The Fuse

Electrification and Autonomy in the Spotlight at ARPA-E Summit

by Matt Piotrowski | March 14, 2018

At the 9th annual Advanced Research Projects Agency-Energy (ARPA-E) Summit this week, a host of promising technologies were showcased and discussed among speakers and panelists. Over the years, the gathering has provided a platform for new and emerging technologies in the energy space and, in particular, ventures that will increase fuel efficiency and reduce oil demand in the transportation sector. The Agency, which takes risks to “push the boundaries of energy innovation,” has dedicated funding over the years for projects to diversify the transportation fleet with better batteries for electric vehicles, supportive technologies for natural gas vehicles, and advanced biofuels.

Electrification and autonomy received a lot of attention at this year’s summit. An example ARPA-E’s work on autonomy was on display with its NEXTCAR project, a program launched to advance efficiency for connected and highly automated vehicles. Data and computer abilities from NEXTCAR are leveraged to utilize efficient routes and provide capacity to predict optimal vehicle and powertrain settings to lessen energy use by 20 percent. The Agency developed this program to study energy efficiency at a time when most of the debate surrounding autonomous vehicles has focused on safety.

Synergies between autonomy & electrification

On a panel entitled “The End of the Road for the Internal Combustion Engine?” SAFE’s Amitai Bin-Nun, Vice President of Autonomous Vehicles and Mobility Innovation, spoke of the synergies between autonomy and electrification and how the two can accelerate reductions in oil demand.

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Crucially, self-driving technology can hasten the adoption of electric vehicles (EVs). “Absent significant disruption from AVs, it will be more than 20 years before EVs are majority of light duty vehicles,” Bin-Nun said.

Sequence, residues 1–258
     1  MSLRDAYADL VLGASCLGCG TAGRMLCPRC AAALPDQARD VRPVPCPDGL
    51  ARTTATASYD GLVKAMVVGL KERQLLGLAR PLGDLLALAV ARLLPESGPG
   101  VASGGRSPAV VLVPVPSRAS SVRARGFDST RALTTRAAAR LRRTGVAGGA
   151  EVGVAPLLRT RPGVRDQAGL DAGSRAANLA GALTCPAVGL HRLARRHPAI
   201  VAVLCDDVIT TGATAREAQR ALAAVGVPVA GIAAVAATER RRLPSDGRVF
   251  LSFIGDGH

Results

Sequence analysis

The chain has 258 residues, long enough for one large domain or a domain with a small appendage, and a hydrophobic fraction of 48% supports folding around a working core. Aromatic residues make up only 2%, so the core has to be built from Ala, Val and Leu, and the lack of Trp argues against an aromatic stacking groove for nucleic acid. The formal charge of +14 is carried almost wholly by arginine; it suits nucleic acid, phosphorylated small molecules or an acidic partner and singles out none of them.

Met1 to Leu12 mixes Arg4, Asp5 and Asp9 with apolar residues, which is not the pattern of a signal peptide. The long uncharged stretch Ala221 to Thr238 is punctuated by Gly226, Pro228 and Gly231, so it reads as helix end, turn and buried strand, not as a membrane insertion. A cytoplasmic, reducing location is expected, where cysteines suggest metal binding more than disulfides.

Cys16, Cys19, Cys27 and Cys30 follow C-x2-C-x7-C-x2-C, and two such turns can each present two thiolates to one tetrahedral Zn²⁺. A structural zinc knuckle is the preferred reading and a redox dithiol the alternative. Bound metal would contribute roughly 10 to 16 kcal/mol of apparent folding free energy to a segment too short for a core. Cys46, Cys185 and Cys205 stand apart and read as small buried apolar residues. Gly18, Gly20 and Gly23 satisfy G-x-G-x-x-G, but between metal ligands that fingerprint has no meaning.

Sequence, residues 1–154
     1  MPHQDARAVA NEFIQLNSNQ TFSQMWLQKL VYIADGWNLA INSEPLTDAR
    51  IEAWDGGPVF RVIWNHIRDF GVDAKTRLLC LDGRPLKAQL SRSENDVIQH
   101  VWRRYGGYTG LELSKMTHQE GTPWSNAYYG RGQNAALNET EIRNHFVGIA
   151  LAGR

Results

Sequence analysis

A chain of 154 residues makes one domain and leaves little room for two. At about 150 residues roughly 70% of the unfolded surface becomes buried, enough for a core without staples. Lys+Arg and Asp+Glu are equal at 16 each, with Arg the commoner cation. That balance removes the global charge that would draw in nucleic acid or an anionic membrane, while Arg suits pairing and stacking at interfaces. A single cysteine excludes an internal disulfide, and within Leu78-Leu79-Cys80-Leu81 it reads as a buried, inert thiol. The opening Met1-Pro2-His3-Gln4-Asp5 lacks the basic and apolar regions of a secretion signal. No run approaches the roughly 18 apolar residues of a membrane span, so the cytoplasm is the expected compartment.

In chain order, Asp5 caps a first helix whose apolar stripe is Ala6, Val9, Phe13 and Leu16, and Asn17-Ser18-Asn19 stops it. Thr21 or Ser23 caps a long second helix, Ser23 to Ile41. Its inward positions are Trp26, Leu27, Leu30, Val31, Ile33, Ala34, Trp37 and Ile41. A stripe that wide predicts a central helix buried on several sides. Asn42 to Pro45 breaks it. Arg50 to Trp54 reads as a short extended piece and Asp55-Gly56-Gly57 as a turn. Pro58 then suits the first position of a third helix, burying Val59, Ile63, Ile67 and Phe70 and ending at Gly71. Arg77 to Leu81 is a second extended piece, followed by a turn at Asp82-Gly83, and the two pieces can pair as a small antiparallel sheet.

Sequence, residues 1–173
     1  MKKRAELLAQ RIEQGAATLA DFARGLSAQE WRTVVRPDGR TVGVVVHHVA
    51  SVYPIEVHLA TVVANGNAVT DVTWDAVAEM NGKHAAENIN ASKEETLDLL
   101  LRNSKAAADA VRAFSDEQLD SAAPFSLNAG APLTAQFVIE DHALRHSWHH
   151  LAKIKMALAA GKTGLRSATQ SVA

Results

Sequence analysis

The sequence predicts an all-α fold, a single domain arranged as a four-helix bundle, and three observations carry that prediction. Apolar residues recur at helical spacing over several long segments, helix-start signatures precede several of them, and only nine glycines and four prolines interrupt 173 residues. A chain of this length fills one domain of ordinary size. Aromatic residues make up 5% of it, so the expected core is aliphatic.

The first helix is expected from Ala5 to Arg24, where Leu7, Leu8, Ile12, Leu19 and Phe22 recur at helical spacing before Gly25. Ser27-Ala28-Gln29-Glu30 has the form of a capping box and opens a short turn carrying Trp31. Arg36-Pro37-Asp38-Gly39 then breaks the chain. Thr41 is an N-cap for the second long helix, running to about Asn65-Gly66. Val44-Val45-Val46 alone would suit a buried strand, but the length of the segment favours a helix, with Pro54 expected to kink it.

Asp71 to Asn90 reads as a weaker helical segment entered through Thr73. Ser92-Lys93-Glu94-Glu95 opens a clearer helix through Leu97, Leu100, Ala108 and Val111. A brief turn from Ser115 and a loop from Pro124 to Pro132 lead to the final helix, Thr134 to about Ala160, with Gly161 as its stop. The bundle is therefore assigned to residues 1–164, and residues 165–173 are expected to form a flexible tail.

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When vehicles are autonomous, connected and electric, the benefits could be large: less congestion, fewer crashes, smoother travel in cities, and reduced oil consumption.

In his presentation, entitled “ICE ICE Baby,” Bin-Nun pointed out that EVs are cheaper to operate than internal combustion engine (ICE) cars, providing incentives for consumers and fleet operators to adopt them. When vehicles are autonomous, connected and electric, the benefits could be large: less congestion, fewer crashes, smoother travel in cities, and reduced oil consumption.

Despite the promise of electrification and autonomy, ICE vehicles are likely to remain relevant for decades to come, making it important that vehicle weight reduction, improvements in fuel, and increasing hybridization will reduce oil demand even before full-scale electrification occurs.

Electric aircrafts?

In another panel that centered on electrification and autonomy, speakers highlighted the potential of electric aviation. Sonja Glavaski, Program Director at ARPA-E, told the audience that they might think she’s “crazy” to have an optimistic outlook on electrification of airplanes, but development of commercial electric aircrafts is already occurring, albeit on a small scale. Lithium-ion batteries can now power small aircrafts with two seats that have flight endurance of three hours, and research is looking into electrifying larger planes that can fit 76 passengers and could be utilized for regional flights.